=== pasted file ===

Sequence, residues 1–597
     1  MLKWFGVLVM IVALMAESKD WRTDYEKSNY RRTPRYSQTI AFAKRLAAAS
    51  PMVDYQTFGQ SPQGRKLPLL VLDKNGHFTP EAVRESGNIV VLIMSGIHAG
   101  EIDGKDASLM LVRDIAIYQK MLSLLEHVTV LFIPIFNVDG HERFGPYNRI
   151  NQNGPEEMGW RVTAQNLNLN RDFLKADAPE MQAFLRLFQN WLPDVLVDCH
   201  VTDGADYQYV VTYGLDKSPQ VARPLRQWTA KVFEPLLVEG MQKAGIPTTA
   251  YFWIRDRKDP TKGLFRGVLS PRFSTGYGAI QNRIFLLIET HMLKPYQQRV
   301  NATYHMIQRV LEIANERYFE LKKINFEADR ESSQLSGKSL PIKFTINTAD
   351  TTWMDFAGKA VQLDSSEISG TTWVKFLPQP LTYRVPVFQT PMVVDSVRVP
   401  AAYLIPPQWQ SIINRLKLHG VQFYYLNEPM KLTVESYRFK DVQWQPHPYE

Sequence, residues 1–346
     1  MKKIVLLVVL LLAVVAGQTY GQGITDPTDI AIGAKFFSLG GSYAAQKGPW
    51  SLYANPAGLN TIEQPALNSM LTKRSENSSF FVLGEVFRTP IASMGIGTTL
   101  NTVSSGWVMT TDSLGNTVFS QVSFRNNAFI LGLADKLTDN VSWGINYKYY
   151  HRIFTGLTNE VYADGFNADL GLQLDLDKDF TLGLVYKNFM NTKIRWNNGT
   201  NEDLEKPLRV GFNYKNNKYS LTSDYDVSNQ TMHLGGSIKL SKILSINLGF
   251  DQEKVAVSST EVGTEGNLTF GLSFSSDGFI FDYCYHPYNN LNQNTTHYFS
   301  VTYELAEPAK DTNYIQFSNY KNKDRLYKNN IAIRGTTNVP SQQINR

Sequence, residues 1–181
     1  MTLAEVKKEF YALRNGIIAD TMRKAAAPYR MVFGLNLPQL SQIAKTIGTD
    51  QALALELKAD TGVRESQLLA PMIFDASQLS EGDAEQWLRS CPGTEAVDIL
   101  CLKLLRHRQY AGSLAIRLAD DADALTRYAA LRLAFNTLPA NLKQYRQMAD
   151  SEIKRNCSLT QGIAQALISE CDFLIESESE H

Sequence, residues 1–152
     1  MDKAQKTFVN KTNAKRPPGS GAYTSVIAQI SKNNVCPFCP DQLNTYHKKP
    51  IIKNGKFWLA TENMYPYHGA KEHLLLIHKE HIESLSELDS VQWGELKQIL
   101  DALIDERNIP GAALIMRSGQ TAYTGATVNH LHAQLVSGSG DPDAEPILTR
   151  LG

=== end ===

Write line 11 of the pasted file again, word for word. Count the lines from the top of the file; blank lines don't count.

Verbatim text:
Sequence, residues 1–346